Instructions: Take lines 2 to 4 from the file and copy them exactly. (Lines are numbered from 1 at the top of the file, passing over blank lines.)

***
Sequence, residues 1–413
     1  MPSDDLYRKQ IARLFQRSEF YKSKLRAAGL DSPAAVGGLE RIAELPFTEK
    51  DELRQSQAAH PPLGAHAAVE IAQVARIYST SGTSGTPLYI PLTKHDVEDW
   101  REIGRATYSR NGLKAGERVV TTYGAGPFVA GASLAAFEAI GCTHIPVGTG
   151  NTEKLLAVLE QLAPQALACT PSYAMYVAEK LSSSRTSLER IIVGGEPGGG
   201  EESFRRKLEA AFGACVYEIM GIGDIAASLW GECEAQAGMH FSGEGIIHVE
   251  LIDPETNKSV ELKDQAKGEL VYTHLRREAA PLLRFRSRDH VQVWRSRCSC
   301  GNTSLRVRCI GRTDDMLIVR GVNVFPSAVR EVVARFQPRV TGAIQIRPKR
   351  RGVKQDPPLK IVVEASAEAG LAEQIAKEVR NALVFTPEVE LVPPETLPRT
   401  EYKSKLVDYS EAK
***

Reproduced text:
     1  MPSDDLYRKQ IARLFQRSEF YKSKLRAAGL DSPAAVGGLE RIAELPFTEK
    51  DELRQSQAAH PPLGAHAAVE IAQVARIYST SGTSGTPLYI PLTKHDVEDW
   101  REIGRATYSR NGLKAGERVV TTYGAGPFVA GASLAAFEAI GCTHIPVGTG